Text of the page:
Melanie Lockert: [17:40] Yeah, so, you know, I recently worked on a survey with student loan planner. Full disclosure, they’re a client of mine, but I like worked on this comprehensive mental health study with them. And you know, we found that 90% of student loan borrowers felt anxiety, which is just a staggering amount. We found that one in 15 borrowers had considered suicide over their debt. And then I’ve also, you know, been looking at research as part of my suicide prevention blog tour, which I think we’ll probably talk about. But what I found is that people who die by suicide are eight times more likely to be in debt. That’s crazy. Eight times more likely to be in debt. And that just goes to show that, you know, there, there’s a correlation and I think there’s, I think there needs to be more data, but we’re just starting to see, you know, the American psychological association doing more things about financial stress. You know, a lot of kind of companies are talking about financial stress. And financial wellness these days. Like it’s just starting to bubble up. And I think, you know, the more we look at the data in the future, we’re just going to see even more clear links between these topics.
Maggie Germano: [18:50] Yeah. And thank you for sharing that information. And I’ve, I’ve definitely seen the results of that survey too. And it is staggering how the, the emotional reaction to that debt and how severe it can be. And that’s, it’s scary because if it’s not something we’re all talking about, it’s not something we can help each other with and kind of prevent these actions.
Melanie Lockert: [19:15] Totally. And yeah, I mean when I was paying off my debt before I started my blog, I felt completely alone. I was like, none of my friends are going through this. All their parents paid for college or, or they just don’t even care about their debt, Dah, Dah, Dah, Dah, Dah. And I just felt so alone. And it wasn’t until I started my blog and actually talking about it, did people start saying, I feel the same way. I’m in the same situation. I have double the debt. You have Dah, Dah, Dah, Dah. And I was like, Oh my God, I’m not alone. And the only reason I realized I wasn’t alone is because I took the first step to talk about my experience. And I think that’s where vulnerability can really create community in a way. And also just bring you closer to other people who might be suffering silently that you don’t know about and just also goes to show that you literally just have no idea what people are going through. And so many people just guard a parts of themselves and you know, we have to in some ways, but you know, we just never know what people are going through.
Maggie Germano: [20:14] That’s so true. And that’s something that I think can talk about a lot too, where it is that, you know, vulnerability in sharing and the necessity of talking about these issues in order to find the other people who are struggling with the same kinds of things. Because it’s not like everyone is going out and posting on Instagram or Facebook about the debt that they owe or their mental health struggles or whatever they might be going through. We’re not broadcasting that on a daily basis unless we do have a blog like dear debt. Um, so it’s really easy to just assume that everybody else is perfect and we’re the only ones dealing with our shit. Um, cause that’s something I hear from my clients too. Like I, I’ve literally had a client in the past who, um, told me, you know about her credit card debt that she was the only one of all her friends who had credit card debt and that she was like, you know, such a failure about it. But I happened to also be coaching one of her friends and I knew for a fact that that friend, had credit card debt.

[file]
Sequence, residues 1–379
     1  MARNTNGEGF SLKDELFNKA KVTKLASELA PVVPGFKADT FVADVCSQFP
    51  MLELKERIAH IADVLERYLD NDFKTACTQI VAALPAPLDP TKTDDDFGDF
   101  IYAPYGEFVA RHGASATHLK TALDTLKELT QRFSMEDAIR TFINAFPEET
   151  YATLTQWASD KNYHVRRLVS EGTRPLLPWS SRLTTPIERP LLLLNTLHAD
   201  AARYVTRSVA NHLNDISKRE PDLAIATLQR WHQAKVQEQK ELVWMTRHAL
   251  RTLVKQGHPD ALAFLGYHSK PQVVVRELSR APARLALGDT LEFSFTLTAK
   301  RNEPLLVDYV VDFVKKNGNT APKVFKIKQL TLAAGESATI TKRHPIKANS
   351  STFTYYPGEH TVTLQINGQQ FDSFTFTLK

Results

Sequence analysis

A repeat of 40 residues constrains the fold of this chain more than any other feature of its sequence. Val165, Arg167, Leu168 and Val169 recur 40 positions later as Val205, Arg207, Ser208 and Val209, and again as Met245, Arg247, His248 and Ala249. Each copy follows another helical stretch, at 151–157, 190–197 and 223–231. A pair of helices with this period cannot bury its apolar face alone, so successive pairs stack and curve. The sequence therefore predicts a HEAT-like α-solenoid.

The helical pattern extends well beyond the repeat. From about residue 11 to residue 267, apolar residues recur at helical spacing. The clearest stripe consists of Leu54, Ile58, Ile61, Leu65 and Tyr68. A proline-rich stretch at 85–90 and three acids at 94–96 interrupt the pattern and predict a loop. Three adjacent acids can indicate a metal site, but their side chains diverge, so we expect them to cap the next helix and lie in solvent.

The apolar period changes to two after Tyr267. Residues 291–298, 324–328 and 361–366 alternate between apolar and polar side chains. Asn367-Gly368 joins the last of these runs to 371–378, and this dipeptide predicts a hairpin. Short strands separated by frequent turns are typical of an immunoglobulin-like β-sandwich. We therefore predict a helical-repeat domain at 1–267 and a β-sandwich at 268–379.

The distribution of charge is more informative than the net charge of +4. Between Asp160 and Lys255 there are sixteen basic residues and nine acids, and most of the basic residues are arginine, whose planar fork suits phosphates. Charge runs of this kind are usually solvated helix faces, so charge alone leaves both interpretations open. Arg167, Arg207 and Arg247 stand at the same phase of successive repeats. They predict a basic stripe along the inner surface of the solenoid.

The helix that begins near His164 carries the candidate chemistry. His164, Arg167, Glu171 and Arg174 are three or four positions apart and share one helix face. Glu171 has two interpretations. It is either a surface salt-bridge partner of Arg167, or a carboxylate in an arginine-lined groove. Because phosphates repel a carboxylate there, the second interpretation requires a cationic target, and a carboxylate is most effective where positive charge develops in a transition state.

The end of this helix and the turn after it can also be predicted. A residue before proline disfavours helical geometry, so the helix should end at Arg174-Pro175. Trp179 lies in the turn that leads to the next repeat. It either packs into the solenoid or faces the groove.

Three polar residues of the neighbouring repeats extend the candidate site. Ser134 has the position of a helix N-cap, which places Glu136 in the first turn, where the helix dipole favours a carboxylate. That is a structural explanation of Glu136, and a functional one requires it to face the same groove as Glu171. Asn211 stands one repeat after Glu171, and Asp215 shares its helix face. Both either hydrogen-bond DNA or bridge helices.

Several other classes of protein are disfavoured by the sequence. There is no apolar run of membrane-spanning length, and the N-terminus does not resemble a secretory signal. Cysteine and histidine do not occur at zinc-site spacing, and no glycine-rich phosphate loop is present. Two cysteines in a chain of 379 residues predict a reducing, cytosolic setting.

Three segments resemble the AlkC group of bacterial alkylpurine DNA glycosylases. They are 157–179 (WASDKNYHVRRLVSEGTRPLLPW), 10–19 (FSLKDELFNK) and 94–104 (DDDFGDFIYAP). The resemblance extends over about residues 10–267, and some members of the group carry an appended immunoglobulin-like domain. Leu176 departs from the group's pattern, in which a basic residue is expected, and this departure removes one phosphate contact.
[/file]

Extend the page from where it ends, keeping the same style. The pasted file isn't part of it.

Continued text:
Melanie Lockert: Actually that’s such an interesting point that you made because I just worked on this suicide in debt article for allure and I interviewed financial therapist, Amanda Clayman. And one of her points that I actually don’t think made it into the article, but something that she had told me in the interview was that we have to be careful of the stories we’re telling ourselves. And like some people tell like themselves and then no family has credit card debt. No one in my family has ever defaulted on their student loans. And it’s like, do you really know that? Like where’s the evidence, what are the facts, you know, because these are the stories that we kind of jumped to conclusions about. But yeah, like as as your situation has shown, like these are the stories we’re telling ourselves and we don’t really have the facts to back it up. And a lot of the times they’re untrue and unnecessary.
Maggie Germano: [22:08] Exactly. And unless you’ve literally asked someone and had them honestly tell you whether or not they’ve defaulted on a loan or anything like that, you’re probably not going to know that because it’s not something that is going to be broadcasted on social media or talked about at parties. And so those assumptions, they just heard us and I feel like they also disconnect us from each other too because we do make assumptions about other people in a way that might make us feel jealous of them or frustrated with them or resentful and it just disconnects us further. And also makes us feel worse about ourselves. Right.